The Federal Bureau of Investigation does not have enough manpower to investigate financial crimes related to the current financial collapse, reports The New York Times.
The bureau slashed its criminal investigative work force to expand its national security role after the Sept. 11 attacks, shifting more than 1,800 agents, or nearly one-third of all agents in criminal programs, to terrorism and intelligence duties. Current and former officials say the cutbacks have left the bureau seriously exposed in investigating areas like white-collar crime, which has taken on urgent importance in recent weeks because of the nation’s economic woes.
The FBI has been under pressure to do more financial crime investigations since criminal investigations have been opened against Fannie Mae and Freddie Mac, American International Group (AIG), Lehman Brothers, as well as 1,500 other mortgage-related investigations. In response, the agency will reassign hundreds of agents to work financial crimes, but the Justice Department wonders where the agents will come from and whether there will be enough.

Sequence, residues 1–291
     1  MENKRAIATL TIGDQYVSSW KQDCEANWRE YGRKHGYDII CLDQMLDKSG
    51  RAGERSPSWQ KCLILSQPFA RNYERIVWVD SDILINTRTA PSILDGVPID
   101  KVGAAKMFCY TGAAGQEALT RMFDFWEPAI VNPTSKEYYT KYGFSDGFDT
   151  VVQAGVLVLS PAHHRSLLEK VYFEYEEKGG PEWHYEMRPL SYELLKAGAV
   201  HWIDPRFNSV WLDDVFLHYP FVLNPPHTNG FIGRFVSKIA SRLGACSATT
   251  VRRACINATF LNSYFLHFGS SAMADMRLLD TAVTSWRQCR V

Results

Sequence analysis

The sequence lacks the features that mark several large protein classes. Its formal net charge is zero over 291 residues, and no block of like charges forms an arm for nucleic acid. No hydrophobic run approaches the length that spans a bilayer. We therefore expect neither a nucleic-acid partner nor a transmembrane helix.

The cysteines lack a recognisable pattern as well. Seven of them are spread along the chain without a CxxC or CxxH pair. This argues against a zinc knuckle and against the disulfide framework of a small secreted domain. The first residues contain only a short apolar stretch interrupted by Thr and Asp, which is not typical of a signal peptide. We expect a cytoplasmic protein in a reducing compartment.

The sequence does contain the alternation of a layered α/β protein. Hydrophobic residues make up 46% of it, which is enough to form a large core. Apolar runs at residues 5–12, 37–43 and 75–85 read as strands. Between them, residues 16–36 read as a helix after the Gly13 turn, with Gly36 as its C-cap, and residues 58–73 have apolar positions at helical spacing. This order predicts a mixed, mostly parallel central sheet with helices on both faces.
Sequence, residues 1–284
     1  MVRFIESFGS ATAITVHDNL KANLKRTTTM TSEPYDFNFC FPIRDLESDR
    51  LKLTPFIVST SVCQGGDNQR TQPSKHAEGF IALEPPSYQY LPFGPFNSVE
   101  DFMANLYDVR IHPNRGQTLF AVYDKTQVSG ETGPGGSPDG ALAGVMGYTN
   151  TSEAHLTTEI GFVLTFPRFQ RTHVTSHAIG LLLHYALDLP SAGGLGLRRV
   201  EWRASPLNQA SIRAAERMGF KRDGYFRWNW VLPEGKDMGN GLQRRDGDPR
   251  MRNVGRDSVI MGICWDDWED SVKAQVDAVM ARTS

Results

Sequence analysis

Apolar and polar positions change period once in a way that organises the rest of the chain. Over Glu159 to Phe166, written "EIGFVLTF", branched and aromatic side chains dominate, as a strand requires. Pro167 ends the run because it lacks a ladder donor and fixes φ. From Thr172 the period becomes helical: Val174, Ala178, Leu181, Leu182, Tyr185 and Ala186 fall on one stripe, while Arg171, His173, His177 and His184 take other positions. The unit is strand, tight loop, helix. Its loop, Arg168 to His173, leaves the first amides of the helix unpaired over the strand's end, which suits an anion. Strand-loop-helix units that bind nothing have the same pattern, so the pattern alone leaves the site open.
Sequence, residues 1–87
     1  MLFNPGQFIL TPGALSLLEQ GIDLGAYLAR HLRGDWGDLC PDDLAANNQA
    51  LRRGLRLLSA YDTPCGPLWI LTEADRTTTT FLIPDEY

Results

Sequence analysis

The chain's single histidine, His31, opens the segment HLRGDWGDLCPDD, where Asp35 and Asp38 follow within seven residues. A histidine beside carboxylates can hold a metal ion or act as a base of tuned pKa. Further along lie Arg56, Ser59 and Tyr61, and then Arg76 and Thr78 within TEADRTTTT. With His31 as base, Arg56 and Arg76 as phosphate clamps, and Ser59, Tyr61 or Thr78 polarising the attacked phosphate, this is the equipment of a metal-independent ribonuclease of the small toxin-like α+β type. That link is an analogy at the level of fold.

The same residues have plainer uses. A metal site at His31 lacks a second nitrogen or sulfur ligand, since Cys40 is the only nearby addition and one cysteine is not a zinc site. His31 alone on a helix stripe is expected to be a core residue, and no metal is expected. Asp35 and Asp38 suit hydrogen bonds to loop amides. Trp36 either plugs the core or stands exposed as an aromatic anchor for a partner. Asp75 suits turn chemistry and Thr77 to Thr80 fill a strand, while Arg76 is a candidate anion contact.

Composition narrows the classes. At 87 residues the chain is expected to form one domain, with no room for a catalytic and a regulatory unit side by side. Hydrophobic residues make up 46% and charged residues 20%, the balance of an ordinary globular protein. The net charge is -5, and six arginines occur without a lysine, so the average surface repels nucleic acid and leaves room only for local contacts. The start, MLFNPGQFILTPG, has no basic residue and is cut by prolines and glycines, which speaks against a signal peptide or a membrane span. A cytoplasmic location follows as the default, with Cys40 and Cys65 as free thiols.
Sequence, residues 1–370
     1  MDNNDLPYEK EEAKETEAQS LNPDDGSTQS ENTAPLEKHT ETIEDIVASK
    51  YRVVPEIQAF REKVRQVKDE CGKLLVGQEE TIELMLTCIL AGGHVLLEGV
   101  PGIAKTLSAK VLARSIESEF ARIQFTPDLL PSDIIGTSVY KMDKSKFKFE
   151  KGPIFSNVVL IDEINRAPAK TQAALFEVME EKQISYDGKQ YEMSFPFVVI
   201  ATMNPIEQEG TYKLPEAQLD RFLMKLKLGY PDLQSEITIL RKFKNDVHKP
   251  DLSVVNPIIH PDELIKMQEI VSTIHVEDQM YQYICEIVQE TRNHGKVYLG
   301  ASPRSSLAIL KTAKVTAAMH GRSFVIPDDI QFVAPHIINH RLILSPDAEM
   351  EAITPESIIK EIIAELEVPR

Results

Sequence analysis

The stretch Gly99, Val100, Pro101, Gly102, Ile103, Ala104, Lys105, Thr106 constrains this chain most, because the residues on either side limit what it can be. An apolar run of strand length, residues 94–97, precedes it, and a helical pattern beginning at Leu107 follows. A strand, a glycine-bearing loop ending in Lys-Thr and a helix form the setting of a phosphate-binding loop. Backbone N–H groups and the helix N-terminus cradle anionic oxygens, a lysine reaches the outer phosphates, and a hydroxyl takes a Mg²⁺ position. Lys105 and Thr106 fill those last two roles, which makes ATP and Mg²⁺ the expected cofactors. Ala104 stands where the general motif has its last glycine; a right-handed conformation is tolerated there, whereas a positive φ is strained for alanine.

From 2000 to 2007, prosecutions for various forms of fraud fell sharply as the FBI was transformed into a domestic counterterrorism and intelligence organization. Fraud prosecutions against financial institutions fell 48 percent, insurance fraud prosecutions tumbled 75 percent, and security fraud cases dipped 17 percent.
According to the Times, the FBI has repeatedly requested additional funding from President Bush to hire more agents to do criminal investigations. The requests were denied.
Currently the FBI has 177 agents working 1,552 cases of mortgage fraud, hundreds of agents short of the staffing levels seen during the savings and loan scandals of the 1980s.
Assistant Director John Miller of the FBI told the Times that the agency only concentrates on multimillion-dollar corporate fraud cases where it can do the most good and retrieve victims' money due to the resource shift from criminal investigations to counterterrorism and intelligence.